“Do I need \"Training\"? \"Coaching\"? \"Consulting\"? What if NONE of those are the right approach?”

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Recently, a company just south of San Diego contacted me to ask me to run a public speaking skills class for sixteen of their top managers.  I asked the cause for the class and heard back from “Candace”:

“Three of them just aren’t as good as the other thirteen, so we thought setting up a class for everyone would be a good idea, since probably everyone will get something out of it.

Does anyone see the flaw in this logic?  In doing training, thirteen people who don’t really need it (and may not care to be there) are devoting time, while the three who could really use attention are each going to get 1/16 of my attention. 

I tried to gently suggest that coaching the three would likely give them an outcome that was closer to their desires and Candace responded,

“Coaching?  Oh, no! Coaching is too long term and focuses on the client having to find the answers in themselves.  We’re just looking for you to tell them all in one day what they need to know.”  Oof!

So I said, “Well, officially that’s the way coaching is supposed to work, but because I’m focused specifically on public speaking skills, I’m really more of a consultant than traditional coach. So our time together is much more directed than in the coaching listening mode.”  That should have cleared that up, right?  Nope.

“A consultant?  Oh, no!  The last thing we need is someone coming in and changing the way everyone in the office does everything.  We just want to work on this problem.”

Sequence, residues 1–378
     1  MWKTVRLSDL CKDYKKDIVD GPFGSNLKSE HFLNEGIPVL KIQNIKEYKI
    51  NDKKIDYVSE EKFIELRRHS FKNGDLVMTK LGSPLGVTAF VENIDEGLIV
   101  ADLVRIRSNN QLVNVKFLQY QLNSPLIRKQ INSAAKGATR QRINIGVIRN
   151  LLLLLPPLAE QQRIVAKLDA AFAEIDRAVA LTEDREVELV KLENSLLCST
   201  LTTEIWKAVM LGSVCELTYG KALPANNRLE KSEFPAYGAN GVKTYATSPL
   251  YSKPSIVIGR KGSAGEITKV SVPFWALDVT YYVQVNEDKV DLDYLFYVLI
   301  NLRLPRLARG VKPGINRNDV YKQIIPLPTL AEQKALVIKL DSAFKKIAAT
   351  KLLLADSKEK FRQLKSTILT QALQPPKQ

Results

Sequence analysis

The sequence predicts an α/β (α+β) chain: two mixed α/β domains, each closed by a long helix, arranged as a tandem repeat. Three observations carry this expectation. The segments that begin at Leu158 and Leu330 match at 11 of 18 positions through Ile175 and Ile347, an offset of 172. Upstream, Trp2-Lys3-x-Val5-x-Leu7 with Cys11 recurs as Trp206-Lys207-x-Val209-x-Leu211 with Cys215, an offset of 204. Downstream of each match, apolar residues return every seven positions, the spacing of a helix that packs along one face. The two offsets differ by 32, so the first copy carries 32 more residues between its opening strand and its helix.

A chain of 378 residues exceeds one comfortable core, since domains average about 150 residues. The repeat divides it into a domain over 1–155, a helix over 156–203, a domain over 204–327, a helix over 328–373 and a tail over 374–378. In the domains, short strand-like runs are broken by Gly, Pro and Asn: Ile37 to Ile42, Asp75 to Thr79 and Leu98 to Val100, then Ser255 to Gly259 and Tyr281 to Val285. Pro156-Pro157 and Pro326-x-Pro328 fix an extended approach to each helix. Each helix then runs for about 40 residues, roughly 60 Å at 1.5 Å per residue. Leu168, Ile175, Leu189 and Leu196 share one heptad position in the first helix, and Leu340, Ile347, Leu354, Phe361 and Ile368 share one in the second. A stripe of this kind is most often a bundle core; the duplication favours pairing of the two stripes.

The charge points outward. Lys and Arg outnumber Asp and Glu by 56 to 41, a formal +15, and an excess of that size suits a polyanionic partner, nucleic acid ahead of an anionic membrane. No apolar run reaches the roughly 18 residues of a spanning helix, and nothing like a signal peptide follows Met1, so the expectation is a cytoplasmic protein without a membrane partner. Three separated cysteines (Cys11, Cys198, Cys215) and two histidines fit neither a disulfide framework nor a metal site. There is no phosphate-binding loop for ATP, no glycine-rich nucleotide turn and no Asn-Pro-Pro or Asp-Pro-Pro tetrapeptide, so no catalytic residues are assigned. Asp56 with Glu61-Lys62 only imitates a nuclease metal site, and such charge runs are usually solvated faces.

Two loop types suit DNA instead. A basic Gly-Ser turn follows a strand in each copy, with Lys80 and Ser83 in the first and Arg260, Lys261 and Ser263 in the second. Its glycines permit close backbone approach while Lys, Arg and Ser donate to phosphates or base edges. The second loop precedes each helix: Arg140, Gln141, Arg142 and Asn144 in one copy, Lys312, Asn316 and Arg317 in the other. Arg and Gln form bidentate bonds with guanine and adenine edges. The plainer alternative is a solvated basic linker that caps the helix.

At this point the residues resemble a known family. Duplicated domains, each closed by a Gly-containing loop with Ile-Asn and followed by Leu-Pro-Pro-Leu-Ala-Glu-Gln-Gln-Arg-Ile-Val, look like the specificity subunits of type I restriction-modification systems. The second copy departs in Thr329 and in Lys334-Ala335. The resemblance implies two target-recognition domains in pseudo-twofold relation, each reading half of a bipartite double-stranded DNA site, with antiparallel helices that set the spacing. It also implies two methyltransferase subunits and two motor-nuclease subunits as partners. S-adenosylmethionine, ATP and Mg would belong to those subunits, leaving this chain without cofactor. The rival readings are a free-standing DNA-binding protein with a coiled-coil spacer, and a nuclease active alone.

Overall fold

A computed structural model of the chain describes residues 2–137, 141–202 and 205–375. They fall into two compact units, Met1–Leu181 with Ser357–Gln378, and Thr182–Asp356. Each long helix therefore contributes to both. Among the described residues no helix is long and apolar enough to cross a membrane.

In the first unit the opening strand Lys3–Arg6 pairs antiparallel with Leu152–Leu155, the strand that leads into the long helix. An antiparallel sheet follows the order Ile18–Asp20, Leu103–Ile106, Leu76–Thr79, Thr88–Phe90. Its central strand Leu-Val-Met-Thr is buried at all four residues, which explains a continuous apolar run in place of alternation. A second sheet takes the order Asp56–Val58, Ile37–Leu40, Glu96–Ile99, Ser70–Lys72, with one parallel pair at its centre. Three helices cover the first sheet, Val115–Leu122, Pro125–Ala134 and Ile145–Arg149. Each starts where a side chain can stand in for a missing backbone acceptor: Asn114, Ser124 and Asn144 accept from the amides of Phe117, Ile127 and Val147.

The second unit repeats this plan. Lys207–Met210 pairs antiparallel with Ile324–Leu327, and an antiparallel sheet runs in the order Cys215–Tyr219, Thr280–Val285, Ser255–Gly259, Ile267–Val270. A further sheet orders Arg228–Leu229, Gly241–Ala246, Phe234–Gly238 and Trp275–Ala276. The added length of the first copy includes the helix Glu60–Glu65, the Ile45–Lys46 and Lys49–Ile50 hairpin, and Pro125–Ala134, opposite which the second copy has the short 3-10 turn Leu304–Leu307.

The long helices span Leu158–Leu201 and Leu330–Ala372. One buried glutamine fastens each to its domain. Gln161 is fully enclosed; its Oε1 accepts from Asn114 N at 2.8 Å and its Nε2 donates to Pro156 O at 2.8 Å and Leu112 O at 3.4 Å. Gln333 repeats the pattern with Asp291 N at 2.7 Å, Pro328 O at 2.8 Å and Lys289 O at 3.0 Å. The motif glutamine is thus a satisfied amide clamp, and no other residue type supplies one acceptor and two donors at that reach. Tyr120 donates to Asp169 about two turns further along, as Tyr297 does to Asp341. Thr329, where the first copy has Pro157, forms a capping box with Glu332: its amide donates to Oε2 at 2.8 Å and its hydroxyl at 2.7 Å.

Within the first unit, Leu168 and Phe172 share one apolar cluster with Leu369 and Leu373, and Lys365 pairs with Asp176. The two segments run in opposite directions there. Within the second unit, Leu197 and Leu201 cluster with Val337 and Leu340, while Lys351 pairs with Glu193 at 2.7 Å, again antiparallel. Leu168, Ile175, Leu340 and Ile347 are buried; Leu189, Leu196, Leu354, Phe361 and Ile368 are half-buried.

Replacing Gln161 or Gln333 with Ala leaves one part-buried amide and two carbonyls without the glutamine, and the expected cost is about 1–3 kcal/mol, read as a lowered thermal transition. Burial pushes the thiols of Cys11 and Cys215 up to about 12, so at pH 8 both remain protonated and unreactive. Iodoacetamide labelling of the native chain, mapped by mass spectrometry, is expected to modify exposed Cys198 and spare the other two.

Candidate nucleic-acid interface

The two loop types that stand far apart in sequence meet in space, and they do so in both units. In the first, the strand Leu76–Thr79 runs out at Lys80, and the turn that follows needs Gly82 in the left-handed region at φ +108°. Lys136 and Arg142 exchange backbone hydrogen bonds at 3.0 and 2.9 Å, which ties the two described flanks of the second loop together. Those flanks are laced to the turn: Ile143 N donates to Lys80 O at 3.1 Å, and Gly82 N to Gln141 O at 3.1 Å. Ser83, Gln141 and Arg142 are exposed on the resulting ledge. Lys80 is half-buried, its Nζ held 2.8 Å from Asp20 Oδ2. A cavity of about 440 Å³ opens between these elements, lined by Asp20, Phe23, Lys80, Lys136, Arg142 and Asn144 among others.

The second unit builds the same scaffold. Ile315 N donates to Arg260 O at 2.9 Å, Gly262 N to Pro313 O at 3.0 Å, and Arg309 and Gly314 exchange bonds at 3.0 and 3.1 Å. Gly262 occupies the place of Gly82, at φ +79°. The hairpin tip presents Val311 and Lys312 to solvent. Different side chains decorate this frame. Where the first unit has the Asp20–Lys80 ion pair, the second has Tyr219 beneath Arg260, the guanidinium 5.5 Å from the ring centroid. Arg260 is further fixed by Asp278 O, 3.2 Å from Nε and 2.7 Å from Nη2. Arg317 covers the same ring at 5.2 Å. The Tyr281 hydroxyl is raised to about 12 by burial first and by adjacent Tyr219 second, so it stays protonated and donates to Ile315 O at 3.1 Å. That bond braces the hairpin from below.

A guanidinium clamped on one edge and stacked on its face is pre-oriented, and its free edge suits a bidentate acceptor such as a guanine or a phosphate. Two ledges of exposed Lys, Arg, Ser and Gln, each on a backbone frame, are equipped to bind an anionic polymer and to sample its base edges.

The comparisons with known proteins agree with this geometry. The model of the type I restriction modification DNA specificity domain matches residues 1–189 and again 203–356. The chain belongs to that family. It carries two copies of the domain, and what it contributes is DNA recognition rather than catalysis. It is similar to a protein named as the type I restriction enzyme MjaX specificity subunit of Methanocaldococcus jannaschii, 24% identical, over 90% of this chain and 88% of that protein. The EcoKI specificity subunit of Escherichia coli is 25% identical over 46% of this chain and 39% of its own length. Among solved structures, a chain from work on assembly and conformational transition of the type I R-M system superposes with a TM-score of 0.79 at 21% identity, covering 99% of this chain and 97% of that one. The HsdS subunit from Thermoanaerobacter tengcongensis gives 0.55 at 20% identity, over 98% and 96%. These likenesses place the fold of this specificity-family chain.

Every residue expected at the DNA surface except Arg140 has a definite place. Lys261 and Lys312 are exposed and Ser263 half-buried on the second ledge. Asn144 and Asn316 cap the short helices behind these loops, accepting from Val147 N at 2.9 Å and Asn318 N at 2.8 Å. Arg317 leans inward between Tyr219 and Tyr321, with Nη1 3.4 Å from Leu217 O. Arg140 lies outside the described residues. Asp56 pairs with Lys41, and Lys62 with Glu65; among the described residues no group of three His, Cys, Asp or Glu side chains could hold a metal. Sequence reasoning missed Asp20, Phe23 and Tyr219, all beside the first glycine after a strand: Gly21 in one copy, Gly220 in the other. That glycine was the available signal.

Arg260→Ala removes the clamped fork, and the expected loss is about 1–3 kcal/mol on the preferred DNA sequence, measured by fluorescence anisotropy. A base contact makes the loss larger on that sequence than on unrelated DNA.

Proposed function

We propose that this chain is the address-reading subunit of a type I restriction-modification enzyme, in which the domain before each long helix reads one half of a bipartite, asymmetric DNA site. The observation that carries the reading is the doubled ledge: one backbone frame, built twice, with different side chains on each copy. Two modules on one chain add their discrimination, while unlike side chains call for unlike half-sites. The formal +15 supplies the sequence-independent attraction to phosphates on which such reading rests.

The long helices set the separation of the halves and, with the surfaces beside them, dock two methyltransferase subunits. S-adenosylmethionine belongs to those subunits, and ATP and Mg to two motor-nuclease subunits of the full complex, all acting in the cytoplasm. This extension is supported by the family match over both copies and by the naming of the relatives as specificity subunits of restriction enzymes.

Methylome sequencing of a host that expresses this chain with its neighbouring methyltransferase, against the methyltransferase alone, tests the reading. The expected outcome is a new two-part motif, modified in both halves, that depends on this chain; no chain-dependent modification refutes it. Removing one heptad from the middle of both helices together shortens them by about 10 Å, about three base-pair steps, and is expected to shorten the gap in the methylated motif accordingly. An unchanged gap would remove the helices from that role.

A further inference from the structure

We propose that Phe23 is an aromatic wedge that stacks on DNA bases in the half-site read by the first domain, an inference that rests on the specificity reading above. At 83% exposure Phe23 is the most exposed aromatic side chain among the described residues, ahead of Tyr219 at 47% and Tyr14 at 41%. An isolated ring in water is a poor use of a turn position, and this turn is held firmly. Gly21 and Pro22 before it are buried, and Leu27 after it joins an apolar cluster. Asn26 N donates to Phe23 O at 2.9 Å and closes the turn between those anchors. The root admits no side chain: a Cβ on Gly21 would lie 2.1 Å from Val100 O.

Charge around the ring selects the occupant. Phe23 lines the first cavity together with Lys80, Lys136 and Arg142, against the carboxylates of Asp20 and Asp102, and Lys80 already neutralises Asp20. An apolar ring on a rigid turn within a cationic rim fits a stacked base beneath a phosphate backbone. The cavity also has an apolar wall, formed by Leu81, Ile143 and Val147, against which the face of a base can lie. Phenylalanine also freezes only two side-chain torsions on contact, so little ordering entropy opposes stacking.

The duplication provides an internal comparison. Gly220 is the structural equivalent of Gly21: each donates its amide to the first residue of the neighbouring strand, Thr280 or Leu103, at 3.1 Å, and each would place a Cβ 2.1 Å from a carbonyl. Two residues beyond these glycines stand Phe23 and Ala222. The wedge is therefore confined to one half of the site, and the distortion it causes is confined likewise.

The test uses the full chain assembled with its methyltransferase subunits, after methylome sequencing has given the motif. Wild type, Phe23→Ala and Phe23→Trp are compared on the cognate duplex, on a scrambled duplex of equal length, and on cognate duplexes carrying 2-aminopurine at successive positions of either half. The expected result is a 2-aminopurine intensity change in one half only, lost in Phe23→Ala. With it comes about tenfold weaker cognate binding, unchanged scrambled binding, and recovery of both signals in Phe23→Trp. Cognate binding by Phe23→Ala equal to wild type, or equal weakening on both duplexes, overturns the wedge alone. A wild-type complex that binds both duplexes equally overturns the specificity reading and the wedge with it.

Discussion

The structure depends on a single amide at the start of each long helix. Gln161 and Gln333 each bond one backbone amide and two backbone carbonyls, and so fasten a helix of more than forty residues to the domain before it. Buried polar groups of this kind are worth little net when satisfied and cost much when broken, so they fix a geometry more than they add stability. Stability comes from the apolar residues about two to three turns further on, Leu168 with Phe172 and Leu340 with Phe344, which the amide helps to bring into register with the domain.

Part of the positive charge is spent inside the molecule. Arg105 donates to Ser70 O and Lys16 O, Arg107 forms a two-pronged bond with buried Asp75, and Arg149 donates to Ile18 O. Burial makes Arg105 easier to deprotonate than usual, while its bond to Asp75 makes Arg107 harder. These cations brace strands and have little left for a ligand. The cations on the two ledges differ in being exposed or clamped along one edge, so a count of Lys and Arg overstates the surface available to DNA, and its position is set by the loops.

Is that what the word consultant brings to mind for people?  Yikes.  Certainly, there are kinds of consultants who do 360 interviews, etc., that involve the whole office.  But my consulting is one-on-one to improve the person’s speaking ability! How was that going to upset the whole office?  It was just that word −  consultant − which is why I tend to say “coach”.

In the end, we did a very nice four-hour training that all present seemed to enjoy.  Candace approached me afterward, “I think everyone received some benefit, but the three who needed the most help didn’t get a lot of attention from you because there were so many others to include. Could you possibly work one-on-one with those three?”  It’s not often that this speaker is speechless….

The nature of trying to boil everything down to a single word that describes anything is problematic.  Maybe I should brand myself as a “coachsultant” but then I’d have to explain that constantly.

It’s also like that with texting a few words vs. writing a good email vs. picking up the phone.  Shortcuts are easier on us, but they don’t convey meaning the same way.

All of that said, I invite you to give a listen to the short video above where a handful of people who DID understand what I do got to share what they got from our time.  I’m very proud of what they have to say AND how this new video came out.  (It’s now the second video down on the home page of PublicDynamics.com.)

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